Pay for a bus ride? It's among board options
From changing school start times to shifting funds, the South Washington County School Board is weighing a number of student busing options to address a transportation department that is deficit spending.
Two board members said during a workshop last Thursday that they want a proposal to change District 833 school start times for the 2013-14 school year to begin this fall instead, to save money and end the leasing of five buses. Other proposals floated include charging fees to bus students in the district's "choice" programs.
The reasons for the drain on the transportation budget are across-the-board cost increases, including fuel, the leasing of 10 buses and the cost of busing kids in choice programs.
Also straining the budget is a change by the Legislature several years ago to stop funding for new buses, according to Superintendent Mark Porter.
The transportation department's budget reserves are dwindling because they have been tapped to balance the last three budgets, Porter said.
At the top of the list of partial solutions is shoring up the transportation budget with $150,000 from the general fund, but even that lacks strong support. Board member Ron Kath said he opposes it in theory but would reluctantly vote for it if the majority of the board is in favor.
Board members agreed with a plan to cut $100,000 from the transportation budget. Transportation Director Gary Dechaine said he doesn't plan to fill a vacant mechanic's job. Daily bus safety checks are now being done by drivers freeing up more time for mechanics. Also, the skill level of the mechanics is increasing, he said.
Also discussed is a proposal to impose fees to bus students in the elementary Spanish Immersion program, middle school Spanish Immersion, Gateway and Valley Crossing - choice programs with students who are not required by the state to be bused. That had the support of board members Kath and Jim Gelbmann, who are often on opposing sides of school issues, but other board members were hesitant.
The annual cost of busing a student in a choice program is about $600, according to Mike Vogel, assistant to the superintendent for operations. That is twice the amount to bus kids in traditional school, because choice students are bused from throughout the district.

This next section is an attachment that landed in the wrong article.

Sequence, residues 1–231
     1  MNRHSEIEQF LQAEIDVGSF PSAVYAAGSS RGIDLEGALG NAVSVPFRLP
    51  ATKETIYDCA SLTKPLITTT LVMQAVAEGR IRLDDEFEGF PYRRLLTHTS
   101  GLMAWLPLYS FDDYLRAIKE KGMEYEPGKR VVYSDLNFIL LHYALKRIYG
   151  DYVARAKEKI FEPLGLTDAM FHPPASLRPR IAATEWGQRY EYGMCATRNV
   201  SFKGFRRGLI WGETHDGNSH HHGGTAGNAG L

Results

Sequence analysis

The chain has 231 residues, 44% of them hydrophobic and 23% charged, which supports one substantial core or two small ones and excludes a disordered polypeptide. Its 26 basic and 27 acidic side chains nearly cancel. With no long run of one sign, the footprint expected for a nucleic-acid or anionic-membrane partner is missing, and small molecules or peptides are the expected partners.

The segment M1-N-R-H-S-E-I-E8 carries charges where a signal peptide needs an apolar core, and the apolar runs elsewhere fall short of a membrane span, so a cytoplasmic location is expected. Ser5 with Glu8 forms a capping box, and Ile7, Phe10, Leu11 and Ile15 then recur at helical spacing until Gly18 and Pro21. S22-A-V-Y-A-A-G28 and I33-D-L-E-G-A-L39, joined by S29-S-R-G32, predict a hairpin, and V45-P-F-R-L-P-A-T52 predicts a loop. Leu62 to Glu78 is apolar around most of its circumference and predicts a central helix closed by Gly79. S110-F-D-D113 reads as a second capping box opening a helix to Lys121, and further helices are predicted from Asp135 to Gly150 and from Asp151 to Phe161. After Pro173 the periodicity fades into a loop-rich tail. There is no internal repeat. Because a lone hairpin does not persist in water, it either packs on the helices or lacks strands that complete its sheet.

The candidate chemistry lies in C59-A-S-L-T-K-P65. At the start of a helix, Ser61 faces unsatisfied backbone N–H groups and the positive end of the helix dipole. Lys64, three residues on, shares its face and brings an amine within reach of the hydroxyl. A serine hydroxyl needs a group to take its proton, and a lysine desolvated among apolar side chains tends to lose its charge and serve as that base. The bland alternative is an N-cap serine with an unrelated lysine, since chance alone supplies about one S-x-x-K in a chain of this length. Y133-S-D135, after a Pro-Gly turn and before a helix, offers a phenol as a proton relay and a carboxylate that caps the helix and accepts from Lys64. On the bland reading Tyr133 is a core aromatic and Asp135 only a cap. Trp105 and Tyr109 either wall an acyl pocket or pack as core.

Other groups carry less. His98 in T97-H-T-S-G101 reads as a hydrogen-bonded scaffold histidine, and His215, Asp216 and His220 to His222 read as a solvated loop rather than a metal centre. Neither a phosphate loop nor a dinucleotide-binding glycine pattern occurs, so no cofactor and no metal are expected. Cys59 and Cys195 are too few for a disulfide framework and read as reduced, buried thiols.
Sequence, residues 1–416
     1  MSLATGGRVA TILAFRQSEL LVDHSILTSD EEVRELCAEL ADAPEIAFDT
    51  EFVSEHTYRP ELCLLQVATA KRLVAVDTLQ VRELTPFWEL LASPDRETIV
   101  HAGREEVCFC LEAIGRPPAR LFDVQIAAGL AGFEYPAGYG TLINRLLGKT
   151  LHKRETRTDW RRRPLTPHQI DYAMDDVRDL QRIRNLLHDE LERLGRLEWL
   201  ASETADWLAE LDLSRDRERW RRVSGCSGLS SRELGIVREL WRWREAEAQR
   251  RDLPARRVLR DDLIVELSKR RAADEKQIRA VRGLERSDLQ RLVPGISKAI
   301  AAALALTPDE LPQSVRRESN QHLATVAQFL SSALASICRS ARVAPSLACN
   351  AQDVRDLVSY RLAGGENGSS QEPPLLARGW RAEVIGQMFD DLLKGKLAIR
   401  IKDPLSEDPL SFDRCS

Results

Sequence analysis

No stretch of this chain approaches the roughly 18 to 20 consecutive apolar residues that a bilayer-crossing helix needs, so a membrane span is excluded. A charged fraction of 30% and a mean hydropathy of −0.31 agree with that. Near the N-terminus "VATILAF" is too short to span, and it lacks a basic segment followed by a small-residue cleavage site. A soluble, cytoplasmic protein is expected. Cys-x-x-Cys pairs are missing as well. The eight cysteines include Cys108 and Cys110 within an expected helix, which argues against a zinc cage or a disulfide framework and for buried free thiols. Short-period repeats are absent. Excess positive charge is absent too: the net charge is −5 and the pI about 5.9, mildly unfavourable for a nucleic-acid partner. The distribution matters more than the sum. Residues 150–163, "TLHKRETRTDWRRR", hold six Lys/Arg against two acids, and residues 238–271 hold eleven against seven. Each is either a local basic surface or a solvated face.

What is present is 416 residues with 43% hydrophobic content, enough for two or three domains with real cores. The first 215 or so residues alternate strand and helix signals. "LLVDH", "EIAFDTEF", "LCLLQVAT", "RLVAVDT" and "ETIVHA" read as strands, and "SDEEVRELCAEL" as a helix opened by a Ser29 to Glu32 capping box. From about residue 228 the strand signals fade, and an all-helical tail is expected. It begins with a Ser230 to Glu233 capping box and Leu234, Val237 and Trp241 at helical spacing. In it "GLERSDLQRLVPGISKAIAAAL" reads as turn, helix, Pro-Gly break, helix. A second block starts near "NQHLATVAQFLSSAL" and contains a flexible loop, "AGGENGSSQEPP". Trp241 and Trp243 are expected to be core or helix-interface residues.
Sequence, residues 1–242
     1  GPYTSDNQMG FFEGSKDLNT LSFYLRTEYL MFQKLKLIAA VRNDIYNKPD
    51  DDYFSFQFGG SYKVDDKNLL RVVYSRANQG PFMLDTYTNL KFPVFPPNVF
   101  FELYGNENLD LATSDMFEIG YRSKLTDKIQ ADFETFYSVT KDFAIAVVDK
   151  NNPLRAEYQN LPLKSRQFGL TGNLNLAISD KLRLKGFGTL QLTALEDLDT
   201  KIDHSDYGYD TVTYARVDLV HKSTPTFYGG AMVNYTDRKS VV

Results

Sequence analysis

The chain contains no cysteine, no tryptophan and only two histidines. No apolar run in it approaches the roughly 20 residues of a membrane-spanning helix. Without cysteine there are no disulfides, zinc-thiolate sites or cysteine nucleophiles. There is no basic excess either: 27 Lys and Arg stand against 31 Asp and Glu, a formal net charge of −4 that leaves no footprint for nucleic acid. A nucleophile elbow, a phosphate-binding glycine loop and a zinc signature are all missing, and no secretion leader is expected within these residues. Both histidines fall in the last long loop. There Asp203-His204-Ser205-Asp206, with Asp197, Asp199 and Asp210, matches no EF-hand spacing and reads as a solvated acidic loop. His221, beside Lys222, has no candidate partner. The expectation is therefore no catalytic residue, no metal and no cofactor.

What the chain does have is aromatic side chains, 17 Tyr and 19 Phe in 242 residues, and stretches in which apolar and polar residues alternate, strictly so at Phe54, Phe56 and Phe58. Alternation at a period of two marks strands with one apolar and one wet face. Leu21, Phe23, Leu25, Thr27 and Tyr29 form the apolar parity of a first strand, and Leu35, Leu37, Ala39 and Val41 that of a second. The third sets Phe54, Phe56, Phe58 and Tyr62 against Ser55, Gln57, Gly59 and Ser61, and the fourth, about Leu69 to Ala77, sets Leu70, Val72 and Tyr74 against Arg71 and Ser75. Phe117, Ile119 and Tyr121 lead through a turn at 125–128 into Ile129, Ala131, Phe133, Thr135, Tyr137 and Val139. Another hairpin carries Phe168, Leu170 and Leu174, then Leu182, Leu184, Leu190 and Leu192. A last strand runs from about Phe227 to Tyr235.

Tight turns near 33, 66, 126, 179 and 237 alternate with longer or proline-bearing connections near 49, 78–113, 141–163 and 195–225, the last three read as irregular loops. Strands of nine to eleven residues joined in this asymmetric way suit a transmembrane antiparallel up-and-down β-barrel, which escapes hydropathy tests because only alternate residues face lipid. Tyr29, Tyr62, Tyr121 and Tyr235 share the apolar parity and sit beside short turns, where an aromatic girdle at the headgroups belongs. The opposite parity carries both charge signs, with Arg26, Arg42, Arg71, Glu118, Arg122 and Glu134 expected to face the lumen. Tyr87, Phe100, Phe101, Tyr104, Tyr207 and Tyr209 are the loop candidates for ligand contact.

Fees, from $150 to $250 per student with a family maximum of $500, would not cover the cost but would reduce spending by approximately $150,000, Vogel said.
The impact on program participation is not known, according to Dave Bernhardson, assistant superintendent for elementary education, but parents could be surveyed, he said.
Board Chairwoman Leslee Boyd said fees would hurt families who don't qualify for but are close to the income threshold for free or reduced-price lunches, the federal benchmark for poverty.
Board members said they favor increasing walking distances in secondary schools by one-half mile. That would result in a one-and-a-half mile walk for middle schoolers and two miles for high school students, the minimum distance required by the state. At one mile, walking distance would not change for elementary students.
The board also considered a recommendation not endorsed by administrators to offer bus service for a fee for secondary students living within the new walking boundaries.
It's been a "nightmare" for other districts that have offered it, Vogel said.
During a discussion about changing school start times to end the need for leased buses, board member Marsha Adou said more creative solutions are needed such as keeping kids who are bused at school for up to an additional hour until buses arrive.
Kath, who said he's not seen hard evidence that changing high school start times to 8:35 a.m. benefits education, asked why changing those start times aren't being considered.
Porter said the district is part of a University of Minnesota study, with results to be released soon, on the positive benefits for teens.
Adou said high school students are doing much better because of the time change.
Kath and board member Tracy Brunnette favor changing elementary school start times this fall.
People are not going to be happy, Brunnette said, but the board needs to make the best decision it can for the district.
"We know what we're going to hear," she said of public reaction.
Boyd responded: "We're forcing this on families."
Vogel said the district is coping with fuel costs by participating in a state contract that locks in a price for year for half the fuel with the remainder bought at market rate. Since the contract price is has been consistently 20 percent below market rate, the district is now contracting for 67 percent.